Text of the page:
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Some Pests Are Actually Good For Your Plants!

Pests Good for Plants

It might sound a little strange to promote pests for your plants, but hear us out! There are actually some pests and creepy crawlies that are beneficial for the growth of our plants, both the indoor and garden variety. As we start to see the warm weather roll in, keep in mind which insects and pests can benefit your blooms this spring!


Not only are they one of the cuter insects out there, but ladybugs are a mighty warrior for your garden! These spotted beauties feast primarily on aphids, up to 60 a day and several thousand over their little bug lifespan, as well as mites, mealy worms and leafhoppers. The larvae don’t harm your growing plants and will grow to eat more pesky bugs. They’re also impervious to potential predators as they secrete a musky, foul odour that drives most everything away. Though they’re most recognized as red, ladybugs also come in shades of yellow and orange. To invite more ladybugs to your garden, try planting fennel, mint, cosmos and dill!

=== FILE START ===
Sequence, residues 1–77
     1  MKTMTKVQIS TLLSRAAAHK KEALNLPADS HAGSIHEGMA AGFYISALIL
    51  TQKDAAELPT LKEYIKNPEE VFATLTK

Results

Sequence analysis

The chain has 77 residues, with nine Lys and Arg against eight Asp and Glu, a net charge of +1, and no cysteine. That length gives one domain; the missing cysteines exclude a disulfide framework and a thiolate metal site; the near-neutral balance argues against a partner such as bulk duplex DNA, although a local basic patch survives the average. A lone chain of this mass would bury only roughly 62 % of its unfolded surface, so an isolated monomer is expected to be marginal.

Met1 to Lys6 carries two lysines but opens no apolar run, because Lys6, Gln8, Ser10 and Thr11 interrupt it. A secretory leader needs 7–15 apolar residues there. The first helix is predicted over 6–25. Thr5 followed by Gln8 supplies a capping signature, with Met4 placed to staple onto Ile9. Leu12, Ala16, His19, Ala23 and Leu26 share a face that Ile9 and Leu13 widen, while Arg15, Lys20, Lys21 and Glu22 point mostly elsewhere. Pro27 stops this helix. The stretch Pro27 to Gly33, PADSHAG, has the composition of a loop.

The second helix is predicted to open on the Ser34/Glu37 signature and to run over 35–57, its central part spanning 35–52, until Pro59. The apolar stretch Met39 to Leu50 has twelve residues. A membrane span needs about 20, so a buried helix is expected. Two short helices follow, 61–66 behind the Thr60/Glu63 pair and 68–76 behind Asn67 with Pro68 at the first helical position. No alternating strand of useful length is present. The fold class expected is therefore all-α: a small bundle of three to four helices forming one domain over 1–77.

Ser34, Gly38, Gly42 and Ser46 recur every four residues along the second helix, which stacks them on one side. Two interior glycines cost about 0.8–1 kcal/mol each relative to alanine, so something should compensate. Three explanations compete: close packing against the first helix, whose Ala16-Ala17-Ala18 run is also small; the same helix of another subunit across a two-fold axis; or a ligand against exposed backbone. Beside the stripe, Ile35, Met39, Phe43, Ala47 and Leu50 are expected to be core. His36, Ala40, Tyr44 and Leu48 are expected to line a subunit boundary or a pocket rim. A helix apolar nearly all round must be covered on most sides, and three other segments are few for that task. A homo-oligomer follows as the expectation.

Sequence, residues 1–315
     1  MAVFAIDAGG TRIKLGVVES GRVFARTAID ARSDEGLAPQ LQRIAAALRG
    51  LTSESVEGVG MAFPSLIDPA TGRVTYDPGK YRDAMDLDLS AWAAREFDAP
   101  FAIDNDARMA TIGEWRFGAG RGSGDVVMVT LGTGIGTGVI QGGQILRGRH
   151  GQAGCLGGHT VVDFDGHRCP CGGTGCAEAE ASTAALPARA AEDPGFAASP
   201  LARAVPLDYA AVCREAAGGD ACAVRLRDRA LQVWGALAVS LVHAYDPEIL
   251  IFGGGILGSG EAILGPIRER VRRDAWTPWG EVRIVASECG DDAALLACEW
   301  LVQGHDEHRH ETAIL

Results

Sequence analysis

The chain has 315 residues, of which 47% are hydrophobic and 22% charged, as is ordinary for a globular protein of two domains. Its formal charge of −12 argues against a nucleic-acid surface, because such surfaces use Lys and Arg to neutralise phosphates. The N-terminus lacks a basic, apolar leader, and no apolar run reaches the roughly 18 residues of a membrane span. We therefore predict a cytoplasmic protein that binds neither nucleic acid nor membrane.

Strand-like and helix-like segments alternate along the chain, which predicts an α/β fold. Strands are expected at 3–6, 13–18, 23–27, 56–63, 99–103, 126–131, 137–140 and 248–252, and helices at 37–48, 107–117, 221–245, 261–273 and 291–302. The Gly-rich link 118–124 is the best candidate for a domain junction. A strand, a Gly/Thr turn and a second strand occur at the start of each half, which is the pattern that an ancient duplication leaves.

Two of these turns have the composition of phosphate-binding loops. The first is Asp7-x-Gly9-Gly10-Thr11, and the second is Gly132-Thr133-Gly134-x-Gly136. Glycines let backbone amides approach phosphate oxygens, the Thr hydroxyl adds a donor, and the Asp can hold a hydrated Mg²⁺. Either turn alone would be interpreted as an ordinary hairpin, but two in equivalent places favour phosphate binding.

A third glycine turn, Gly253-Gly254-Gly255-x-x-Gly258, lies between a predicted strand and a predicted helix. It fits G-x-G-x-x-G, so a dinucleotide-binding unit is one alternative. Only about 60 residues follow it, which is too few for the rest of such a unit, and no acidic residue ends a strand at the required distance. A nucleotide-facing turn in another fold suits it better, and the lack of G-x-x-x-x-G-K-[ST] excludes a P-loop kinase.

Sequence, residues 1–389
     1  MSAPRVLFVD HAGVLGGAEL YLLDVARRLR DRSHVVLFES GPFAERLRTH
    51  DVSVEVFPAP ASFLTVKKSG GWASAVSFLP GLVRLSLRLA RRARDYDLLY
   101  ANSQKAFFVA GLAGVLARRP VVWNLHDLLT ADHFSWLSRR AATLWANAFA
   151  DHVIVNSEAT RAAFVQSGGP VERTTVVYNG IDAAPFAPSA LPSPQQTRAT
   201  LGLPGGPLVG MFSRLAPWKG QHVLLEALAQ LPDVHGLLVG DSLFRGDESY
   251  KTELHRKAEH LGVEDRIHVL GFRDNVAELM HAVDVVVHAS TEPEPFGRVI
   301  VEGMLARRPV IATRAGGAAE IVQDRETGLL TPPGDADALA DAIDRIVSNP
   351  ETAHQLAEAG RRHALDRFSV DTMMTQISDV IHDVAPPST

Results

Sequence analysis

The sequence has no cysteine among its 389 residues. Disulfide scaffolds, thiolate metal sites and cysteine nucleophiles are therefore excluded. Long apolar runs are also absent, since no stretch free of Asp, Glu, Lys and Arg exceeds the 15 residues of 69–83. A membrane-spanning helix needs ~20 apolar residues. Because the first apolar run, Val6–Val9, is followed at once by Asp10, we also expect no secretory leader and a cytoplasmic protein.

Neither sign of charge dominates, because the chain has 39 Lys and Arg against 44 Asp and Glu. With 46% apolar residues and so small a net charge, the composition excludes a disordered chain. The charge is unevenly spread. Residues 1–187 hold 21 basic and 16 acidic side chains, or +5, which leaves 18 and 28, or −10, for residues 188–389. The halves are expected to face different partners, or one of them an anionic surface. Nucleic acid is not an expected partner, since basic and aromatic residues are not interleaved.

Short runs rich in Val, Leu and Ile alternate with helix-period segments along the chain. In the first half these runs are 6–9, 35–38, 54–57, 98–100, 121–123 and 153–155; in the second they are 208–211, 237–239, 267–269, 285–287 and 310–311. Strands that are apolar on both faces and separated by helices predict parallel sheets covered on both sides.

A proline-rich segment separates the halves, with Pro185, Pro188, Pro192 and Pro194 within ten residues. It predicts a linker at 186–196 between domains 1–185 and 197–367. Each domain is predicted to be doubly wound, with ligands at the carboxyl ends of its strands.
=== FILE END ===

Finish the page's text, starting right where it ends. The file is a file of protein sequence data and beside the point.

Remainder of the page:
Your first reaction may be a definite “no!” to spiders helping out in your flower beds, but spiders are excellent pest control. Our eight-legged friends will go after insects like flies, wasps, aphids, fruit flies, grasshoppers and caterpillars and will continue to eradicate those pesky insects from spring all the way through to fall. Did you know that spiders will even hunt bed bugs?!


We’ve primarily talked about predators so far, but another beneficial bug is the bee. Pollinators are essential to the life cycle of plants and we all know bees are the most popular pollinators around. To attract our little bumbling friends, plant brightly coloured flowers, such as evening primrose, marigolds, cosmos, bergamot or calendula. They also love their herbs and will definitely visit for basil, dill, oregano and parsley!


Without a doubt, bats have been painted in an unfair light because they are actually very helpful in controlling mosquitoes populations and other nasty pests in your yard! Bats can eat thousands and thousands of bugs a night and they prey on moths, beetles, midges, gnats, mayflies and even wasps. If you’d like to try your hand at building your own bat box, check out this video on how to build a simple one at home!


Boost the productivity of your garden by planting varieties that attract pollinators and beneficial bugs and pests. Making your garden a busy economy of the good bugs and the helpful pests will keep your plants safe and healthy. If you’re needing finding them, call us at 403.262.1666!